LIFE IN­SIDE OUR OUT OF CON­TROL JAILS Spice deal­ers IN­SIDE prison tar­get lags’ fam­i­lies on the OUT­SIDE

Ex-pris­oner lifts lid on drug epi­demic

The People - - NEWS FEATURES & - By Tom Parry SPE­CIAL CORRESPONDENT

INMATES who get hooked on zom­bie drug Spice be­hind bars are ex­pos­ing their fam­i­lies at home to gangs of debt en­forcers on the out­side.

The deal­ers have con­tacts who mon­i­tor bank ac­counts which rel­a­tives are or­dered to pay the money into.

And if the debt is not paid their rel­a­tive in jail re­ceives a pun­ish­ment beat­ing – which has left some need­ing emer­gency hos­pi­tal treat­ment.

The vi­cious cy­cle of ad­dic­tion and as­saults was re­vealed to the Sun­day Peo­ple by a for­mer in­mate who has served in sev­eral prisons and who has only re­cently been given his free­dom.

Re­formed ca­reer crim­i­nal Alex Ni­cholls, 24 – who was in and out of cus­tody from the age of 14 – spoke out after wit­ness­ing a wave of vi­o­lence.

He re­vealed how the drug is smug­gled in sprayed on to pic­tures drawn by young chil­dren for their dads – pre­cious me­men­toes that are then ripped up and put into roll-ups.

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Spice has brought chaos after sweep­ing through the prison sys­tem be­cause it did not show up in searches.

Alex re­vealed: “Peo­ple get beaten up all the time for not pay­ing debts.

“I re­mem­ber one guy – six of them took him into a cell then beat him re­ally badly. I could hear the screams.

“They ring up peo­ple’s fam­i­lies and get them to send money by bank trans­fer. The deal­ers have phones in their cells to check if it’s been paid.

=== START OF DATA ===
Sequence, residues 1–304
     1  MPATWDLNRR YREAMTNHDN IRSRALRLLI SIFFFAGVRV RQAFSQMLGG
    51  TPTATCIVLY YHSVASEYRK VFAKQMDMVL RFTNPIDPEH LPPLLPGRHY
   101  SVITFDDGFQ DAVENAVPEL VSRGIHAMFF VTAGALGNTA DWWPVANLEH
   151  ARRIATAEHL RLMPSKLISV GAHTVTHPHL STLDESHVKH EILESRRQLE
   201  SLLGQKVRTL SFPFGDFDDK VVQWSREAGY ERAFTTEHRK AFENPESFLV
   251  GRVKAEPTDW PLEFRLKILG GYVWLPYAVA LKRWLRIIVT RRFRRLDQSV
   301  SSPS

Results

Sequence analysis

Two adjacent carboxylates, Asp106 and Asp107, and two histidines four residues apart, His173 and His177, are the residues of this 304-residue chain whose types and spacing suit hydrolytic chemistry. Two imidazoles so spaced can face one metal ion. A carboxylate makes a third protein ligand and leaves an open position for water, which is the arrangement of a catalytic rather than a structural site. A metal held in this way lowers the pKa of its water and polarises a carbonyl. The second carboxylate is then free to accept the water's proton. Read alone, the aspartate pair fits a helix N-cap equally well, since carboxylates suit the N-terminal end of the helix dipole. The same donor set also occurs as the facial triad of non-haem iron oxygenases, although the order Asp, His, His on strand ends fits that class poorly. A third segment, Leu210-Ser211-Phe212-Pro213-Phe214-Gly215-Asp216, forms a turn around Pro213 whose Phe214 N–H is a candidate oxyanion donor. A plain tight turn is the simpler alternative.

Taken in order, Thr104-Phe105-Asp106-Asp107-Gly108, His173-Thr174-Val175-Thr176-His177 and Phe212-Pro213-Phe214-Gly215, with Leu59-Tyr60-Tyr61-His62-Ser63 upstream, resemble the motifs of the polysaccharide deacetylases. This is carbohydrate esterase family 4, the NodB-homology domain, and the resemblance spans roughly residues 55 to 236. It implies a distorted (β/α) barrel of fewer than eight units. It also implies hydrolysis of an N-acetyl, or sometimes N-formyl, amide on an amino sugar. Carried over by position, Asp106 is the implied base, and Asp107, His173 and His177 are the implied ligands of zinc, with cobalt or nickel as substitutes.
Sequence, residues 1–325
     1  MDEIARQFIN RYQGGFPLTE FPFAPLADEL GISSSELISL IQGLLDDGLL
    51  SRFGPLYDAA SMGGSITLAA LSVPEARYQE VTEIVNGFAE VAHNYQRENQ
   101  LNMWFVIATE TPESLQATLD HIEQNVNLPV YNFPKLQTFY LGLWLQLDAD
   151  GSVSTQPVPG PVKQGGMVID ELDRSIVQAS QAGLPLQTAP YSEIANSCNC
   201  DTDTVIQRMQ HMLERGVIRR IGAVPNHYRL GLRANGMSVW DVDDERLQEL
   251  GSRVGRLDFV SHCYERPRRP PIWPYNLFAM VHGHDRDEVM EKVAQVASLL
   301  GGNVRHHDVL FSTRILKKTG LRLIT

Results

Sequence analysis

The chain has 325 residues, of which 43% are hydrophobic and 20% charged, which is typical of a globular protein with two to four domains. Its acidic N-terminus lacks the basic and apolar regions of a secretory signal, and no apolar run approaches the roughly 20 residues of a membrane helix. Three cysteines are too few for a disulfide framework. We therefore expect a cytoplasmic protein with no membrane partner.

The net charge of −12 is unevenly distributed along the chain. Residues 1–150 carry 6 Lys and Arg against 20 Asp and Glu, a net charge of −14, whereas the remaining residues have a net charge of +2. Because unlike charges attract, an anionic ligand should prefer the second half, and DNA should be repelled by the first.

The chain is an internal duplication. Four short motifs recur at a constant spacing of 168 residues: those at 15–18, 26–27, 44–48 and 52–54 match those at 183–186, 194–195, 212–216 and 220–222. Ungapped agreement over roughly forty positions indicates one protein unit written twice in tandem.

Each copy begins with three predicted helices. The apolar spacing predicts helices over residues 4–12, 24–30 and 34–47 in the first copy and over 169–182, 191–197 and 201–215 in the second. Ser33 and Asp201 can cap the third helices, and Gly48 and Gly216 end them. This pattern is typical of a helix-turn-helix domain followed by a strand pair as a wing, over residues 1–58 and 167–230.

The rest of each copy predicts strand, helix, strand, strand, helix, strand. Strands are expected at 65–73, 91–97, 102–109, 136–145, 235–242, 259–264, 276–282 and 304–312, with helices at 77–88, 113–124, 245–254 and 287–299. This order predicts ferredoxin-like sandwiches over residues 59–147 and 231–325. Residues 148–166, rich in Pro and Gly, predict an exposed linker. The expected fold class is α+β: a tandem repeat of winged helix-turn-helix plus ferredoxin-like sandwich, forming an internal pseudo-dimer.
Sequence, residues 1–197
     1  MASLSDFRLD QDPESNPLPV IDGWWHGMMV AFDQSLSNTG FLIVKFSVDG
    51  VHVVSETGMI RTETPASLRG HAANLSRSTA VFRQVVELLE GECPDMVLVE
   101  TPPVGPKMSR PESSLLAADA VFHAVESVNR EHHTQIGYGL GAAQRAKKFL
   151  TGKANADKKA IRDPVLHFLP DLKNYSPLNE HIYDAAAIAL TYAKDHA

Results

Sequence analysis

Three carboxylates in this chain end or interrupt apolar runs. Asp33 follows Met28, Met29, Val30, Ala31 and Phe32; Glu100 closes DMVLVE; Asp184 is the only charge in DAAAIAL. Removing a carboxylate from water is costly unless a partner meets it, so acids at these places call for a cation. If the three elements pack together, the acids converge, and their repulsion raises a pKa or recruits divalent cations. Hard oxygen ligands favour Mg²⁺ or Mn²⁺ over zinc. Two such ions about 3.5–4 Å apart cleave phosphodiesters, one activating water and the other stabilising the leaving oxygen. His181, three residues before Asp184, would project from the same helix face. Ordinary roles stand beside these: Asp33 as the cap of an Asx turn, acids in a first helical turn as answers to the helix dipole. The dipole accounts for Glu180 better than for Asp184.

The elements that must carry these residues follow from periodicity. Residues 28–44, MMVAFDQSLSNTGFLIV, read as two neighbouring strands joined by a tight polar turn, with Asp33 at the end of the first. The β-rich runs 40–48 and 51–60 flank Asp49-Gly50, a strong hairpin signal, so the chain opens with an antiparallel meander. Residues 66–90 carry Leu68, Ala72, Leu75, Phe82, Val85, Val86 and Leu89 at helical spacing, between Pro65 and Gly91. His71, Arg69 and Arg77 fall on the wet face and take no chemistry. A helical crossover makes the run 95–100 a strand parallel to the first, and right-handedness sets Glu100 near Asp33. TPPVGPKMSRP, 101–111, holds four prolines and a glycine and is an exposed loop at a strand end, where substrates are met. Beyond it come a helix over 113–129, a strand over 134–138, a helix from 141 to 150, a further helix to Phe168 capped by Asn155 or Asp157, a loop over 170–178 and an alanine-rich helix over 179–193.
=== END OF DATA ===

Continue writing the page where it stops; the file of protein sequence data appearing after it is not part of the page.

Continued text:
“Be­fore, you’d pay about £ 10 a gram. In prison you could split that and sell each half for £50. When I was in Peter­bor­ough one guy made about £28,000 in four months.”

The syn­thetic drug – far stronger than the cannabis it was in­tended to im­i­tate – was legally sold in shops un­til the law banned it last year.

Alex de­scribed the drug as “ab­so­lutely dis­gust­ing, nasty stuff”. But he added: “Peo­ple take it be­cause it com­pletely knocks you out. You can’t think about any­thing.”

In one at­tack a man on Alex’s wing had his face slashed open with a ra­zor so that his right cheek flapped down. An­other time he saw a gang hor­ren­dously burn an in­mate with so-called “prison na­palm” – a mix of boil­ing wa­ter a and sugar. Alex, jailed for crim crimes rang­ing from car theft to bur­glary bu and theft from shops, still wears two tags after his re­lease less than a year ago, but is de­ter­mined to change his ways. He served time in prisons in­clud­ing HMP Peter­bor­ough, Chelms­ford in Es­sex and HMP Way­land in Nor­folk. Alex has watched as the Spice epi­demic left over-stretched staff strug­gling to stem the flow of drugs into their jails. He claimed: “Prison of­fi­cers bring it in or it is brought in dur­ing vis­its. “One way is a kid’s pic­ture cov­ered in Spice spray that you tear up.” Alex, from Hert­ford shire, re­vealed vul­ner­a­ble i nmates are given de­lib­er­ate over­doses as their tor­men­tors watch them suf­fer.

He said: “I’ve seen deal­ers make peo­ple keel over, they get a buzz out of it. They’re puk­ing, drib­bling, throw­ing their arms about – they get carted off strapped to a chair.”

Jail deaths linked to Spice and other syn­thet­ics such as Black Mamba have tripled in re­cent years – with 58 prisoners dy­ing be­tween 2013 and 2016.

Alex has joined up with ex-of­fender char­ity User Voice to turn his life around. The group aims to break down bar­ri­ers be­tween con­victed crim­i­nals and so­ci­ety, im­prov­ing re­ha­bil­i­ta­tion.

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